A research team at Stanford University has developed a blood test designed to screen newborns for all types of cystic fibrosis (CF), which will allow doctors to begin treatment for the disease earlier in life. According to a UPI report, the new test is said to be more accurate because it tests the entire cystic fibrosis gene for mutations in one step and in half the time. The current test, which has been used since 2010, tests for trypsinogen, an enzyme in the blood.
The UPI news report notes that the current test only looks for 40 mutations although there are more than 2,000 known versions of the mutation. Additionally, the previous method of screening takes about 2 weeks, while the new one takes 3 days or less. The researchers developed the new test using the dried blood spots taken for documents when an infant is born. The method was validated using 190 dried blood spots, and was shown to be 100% sensitive with a positive predictive value of 100%, as indicated on the UPI report.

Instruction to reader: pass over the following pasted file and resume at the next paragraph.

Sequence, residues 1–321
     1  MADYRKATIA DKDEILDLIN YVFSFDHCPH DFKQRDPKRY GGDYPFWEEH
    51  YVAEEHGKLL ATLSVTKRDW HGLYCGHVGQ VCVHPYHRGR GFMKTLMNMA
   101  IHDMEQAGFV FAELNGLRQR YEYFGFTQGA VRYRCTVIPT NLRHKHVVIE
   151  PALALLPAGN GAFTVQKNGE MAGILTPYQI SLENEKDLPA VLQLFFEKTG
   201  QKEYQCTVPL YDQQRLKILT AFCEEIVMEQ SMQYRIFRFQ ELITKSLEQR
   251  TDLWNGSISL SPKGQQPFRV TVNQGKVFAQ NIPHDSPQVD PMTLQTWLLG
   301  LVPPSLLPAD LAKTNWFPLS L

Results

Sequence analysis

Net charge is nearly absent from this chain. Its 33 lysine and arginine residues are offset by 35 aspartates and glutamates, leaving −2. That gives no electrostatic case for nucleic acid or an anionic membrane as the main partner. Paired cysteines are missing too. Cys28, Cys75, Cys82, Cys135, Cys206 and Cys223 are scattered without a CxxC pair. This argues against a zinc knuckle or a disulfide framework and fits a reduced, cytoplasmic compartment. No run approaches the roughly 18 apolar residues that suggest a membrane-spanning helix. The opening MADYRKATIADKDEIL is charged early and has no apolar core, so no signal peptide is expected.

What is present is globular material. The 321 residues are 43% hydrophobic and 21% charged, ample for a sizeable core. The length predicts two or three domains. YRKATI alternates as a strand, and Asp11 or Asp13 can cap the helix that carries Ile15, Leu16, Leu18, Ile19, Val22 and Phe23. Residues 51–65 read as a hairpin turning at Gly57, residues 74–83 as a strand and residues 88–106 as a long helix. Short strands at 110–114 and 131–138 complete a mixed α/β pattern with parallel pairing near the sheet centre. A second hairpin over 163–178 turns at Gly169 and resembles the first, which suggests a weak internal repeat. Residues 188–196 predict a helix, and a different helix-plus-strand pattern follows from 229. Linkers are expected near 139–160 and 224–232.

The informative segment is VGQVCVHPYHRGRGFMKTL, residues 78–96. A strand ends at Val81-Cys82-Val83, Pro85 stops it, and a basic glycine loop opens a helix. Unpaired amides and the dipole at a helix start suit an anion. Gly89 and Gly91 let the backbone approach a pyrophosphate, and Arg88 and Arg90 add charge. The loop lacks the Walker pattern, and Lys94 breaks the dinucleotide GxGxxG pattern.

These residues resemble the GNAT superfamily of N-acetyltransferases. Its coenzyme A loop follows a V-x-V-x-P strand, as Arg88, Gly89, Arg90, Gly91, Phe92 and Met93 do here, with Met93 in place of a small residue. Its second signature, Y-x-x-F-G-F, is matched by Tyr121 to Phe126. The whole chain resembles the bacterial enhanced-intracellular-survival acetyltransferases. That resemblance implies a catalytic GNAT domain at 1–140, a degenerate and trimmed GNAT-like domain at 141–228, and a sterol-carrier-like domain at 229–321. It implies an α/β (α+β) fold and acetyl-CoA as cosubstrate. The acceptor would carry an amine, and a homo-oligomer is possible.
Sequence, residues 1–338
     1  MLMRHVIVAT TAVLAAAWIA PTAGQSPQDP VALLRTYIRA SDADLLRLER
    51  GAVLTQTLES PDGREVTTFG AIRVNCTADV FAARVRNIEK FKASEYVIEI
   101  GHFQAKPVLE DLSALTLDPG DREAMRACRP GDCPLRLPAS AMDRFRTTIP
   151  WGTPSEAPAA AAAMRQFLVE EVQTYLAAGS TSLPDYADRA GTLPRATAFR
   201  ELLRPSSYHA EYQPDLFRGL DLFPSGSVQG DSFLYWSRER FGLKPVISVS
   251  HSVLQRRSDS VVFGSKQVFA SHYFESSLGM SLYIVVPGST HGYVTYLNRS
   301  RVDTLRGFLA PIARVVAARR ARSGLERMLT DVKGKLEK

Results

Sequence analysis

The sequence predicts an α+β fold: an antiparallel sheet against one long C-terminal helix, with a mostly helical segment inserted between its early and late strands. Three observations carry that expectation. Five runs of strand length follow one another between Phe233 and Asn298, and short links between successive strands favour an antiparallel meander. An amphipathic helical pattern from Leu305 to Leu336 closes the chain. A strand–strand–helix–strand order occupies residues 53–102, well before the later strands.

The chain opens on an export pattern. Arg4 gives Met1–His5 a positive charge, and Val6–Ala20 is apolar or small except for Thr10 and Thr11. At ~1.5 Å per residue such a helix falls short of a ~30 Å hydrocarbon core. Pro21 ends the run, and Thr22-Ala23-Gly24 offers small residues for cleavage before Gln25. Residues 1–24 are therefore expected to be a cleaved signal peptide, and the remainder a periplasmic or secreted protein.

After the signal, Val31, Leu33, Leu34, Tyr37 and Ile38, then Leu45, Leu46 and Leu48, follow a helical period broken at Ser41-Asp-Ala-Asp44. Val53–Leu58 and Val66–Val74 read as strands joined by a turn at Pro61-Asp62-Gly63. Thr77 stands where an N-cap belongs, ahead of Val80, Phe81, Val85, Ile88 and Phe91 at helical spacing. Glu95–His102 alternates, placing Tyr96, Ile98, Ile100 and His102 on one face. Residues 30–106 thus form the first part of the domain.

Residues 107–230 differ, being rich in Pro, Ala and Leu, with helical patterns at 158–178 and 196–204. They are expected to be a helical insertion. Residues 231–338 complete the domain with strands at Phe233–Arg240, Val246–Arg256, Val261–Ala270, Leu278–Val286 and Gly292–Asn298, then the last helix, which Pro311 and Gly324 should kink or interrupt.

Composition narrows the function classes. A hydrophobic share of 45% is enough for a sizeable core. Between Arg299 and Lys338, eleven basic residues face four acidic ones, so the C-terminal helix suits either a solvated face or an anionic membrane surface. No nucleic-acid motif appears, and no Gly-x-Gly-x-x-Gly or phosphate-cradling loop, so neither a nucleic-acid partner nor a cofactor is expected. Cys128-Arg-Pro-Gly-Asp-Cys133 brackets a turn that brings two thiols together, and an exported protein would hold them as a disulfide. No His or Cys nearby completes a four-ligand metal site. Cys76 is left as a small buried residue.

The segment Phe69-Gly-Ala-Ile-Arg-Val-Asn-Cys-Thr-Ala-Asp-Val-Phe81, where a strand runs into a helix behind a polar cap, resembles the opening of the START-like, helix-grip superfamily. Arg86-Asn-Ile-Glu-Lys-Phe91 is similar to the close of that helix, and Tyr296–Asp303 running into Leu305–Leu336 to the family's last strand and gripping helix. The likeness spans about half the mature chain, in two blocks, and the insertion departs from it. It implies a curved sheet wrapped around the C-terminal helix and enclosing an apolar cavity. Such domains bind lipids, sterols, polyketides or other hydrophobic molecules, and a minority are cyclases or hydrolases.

Individual states will need to approve the test before it can be put into wide practice. The Stanford researchers hope to find similar methods for rapid and accurate testing for other genetic conditions in babies.
Curt Scharfe, MD, PhD, a scientist at Stanford at the time of the study, states, “Ultimately, we would like to develop a broader assay to include the most common and most troublesome newborn conditions, and be able to do the screening much faster, more comprehensively and much more cheaply.”
“Cystic fibrosis newborn screening has shown us that early diagnosis really matters,” says Iris Schrijver, MD, of Stanford University. “When the disease is caught early, physicians can prevent some of its complications, and keep the patients in better shape longer.”